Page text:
John Sweller, an Australian psychologist, has championed the awareness of working memory for teachers and developed ‘Cognitive Load Theory’. He thinks that awareness of the nature and limitations of working memory make better teachers and learners.
Primary and secondary knowledge
Sweller starts with the evolutionary psychologist Geary’s position on primary and secondary knowledge in The Origin of Mind. We have evolved brains that have intrinsic, biologically primary learning abilities or modules, that allow us to learn some things with ease, such as listening and speaking our native language, facial recognition, folk biology and folk physics. But our plastic frontal areas allow us to override this with our biologically secondary learning, which we have to acquire, such as a second language, reading, writing, maths and so on. It is this secondary knowledge and learning that Sweller focuses on.
Conscious, working memory involves cognitive load, how that working memory deals, or doesn’t deal, with new or novel knowledge. There are two major limitations, capacity and duration. First, it is very limited in capacity as we are only capable of dealing with between two to four elements held at any one time, when trying to solve a problem. Second, we can only hold information for around 20 seconds. However, we also have and rely on long-term memory as our major, larger form of memory, which has no real limits on capacity or duration.
Long-terms memories can be taken back into working memory with relatively little effort, often instantly. This is why it is vital that we get knowledge and skills into long-term memory, so that we can utilise it quickly in working memory. The oft quoted example is our times-tables. We use that form of mental arithmetic often enough to find it useful to get many calculations memorised in long-term memory for instant recall. Once information gets into long term memory, we can then take it back into working memory, transfer it back without effort. So working memory is limited when dealing with novel information. Its effectively unlimited when dealing with processed, stored information that we get from long term memory.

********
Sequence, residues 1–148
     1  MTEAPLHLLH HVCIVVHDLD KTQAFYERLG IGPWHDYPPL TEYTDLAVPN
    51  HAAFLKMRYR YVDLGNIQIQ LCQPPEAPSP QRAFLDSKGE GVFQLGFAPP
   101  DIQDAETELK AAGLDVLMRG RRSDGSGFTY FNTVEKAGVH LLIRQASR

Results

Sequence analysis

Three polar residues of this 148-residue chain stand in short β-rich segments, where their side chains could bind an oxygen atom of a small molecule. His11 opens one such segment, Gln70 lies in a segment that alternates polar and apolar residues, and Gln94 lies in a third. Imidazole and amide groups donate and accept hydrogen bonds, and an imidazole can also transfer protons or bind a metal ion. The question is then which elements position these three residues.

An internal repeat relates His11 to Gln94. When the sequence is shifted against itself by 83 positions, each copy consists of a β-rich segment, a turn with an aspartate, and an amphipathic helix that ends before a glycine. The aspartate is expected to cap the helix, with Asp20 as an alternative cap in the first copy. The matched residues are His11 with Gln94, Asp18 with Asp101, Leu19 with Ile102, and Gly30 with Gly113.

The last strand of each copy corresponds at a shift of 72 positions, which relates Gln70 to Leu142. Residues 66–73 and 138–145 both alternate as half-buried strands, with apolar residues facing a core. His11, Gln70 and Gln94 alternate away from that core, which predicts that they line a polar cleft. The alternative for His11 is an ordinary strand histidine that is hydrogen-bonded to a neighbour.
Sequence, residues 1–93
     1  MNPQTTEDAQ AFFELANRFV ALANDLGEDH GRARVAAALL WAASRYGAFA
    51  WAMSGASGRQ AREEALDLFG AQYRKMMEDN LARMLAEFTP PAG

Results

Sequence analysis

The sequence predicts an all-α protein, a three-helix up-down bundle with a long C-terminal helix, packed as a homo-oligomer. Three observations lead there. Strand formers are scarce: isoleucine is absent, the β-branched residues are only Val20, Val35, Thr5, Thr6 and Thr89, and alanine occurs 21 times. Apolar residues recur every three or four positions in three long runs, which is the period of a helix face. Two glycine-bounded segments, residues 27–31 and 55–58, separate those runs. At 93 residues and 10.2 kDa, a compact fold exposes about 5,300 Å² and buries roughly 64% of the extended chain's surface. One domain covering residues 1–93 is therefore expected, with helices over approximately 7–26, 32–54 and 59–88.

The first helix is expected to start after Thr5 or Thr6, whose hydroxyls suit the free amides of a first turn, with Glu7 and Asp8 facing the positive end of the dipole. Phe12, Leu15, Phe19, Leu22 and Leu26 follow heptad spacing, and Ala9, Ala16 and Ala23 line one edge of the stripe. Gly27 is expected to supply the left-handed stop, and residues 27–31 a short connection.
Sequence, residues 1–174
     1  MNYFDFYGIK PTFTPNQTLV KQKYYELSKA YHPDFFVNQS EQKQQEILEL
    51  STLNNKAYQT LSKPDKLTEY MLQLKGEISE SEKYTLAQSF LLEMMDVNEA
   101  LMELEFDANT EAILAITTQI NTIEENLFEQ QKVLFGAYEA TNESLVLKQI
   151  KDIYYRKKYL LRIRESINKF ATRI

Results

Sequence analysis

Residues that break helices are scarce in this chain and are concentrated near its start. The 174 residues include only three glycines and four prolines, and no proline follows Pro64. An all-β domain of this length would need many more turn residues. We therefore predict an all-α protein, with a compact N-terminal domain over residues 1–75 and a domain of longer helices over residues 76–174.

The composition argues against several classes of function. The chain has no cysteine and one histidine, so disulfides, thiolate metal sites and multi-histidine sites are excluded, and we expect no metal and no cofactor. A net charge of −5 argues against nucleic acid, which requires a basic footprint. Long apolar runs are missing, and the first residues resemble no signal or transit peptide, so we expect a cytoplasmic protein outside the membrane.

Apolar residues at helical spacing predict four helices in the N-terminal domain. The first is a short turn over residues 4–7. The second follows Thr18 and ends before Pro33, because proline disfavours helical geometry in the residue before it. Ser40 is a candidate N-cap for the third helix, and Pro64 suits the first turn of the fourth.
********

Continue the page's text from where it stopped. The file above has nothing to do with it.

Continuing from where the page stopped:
These ideas are critical, because they tells us how to engage in instruction. We engage in instruction in order to get information into long term memory, because once we get that information into long term memory, we're transformed. We become different people. We can do things we couldn't dream of doing otherwise. He argues that an understanding of this is vital if we are to design courses and teach effectively.
When the brain has to deal with multiple elements of information, difficult material, and you have to manipulate or process those different elements, working memory can struggle. It imposes a heavy working load on working memory – that is cognitive load. Sweller argues that this happens all the time when teaching maths, languages even on PowerPoint presentations. Learners take notes because they know, instinctively, what cognitive load means, that they forget things quickly if they are not stored somewhere – either on paper or in long-term memory. Yet instructors continue to make the same mistake of overloading through their own instruction or proxies like PowerPoint.
The teacher, instructional designer and interface designer all have to be aware of how to reduce cognitive load. His advice is that less is more and that redundant, extraneous material has to be removed. With animation, audio and video, things are transient. The stream and flow forward and we can only hold 2-4 elements in working memory for 20 seconds. Without getting that information into long-term memory it will simply be forgotten, like a shooting star your memories literally burn up behind you. Flowing media don’t allow the manipulation and processing necessary for encoding in to long-term memory, so give the illusion of learning.
Intrinsic and extraneous
Intrinsic cognitive load is the load complex material places on working memory. It is subjective, intrinsic and there’s not much you can do about it. Extraneous cognitive load is in the designed instruction and can be redesigned to reduce cognitive load.
Sweller thinks this theory of cognitive load explains why worked examples are superior to problem solving or discovery learning. The worked example is there and you can be shown step by step, whereas with problem solving, you need to manipulate all of the elements before you have understood simpler relationships.
Sweller has had gained a strong following among those who believe that cognitive load theory has much to tell us about practical teaching and learning. He gives clear guidelines on quantifying cognitive load but also on how the theory informs teaching and instructional design. His work is backed up by researchers such as Richard Mayer and others. In sort, less is more.
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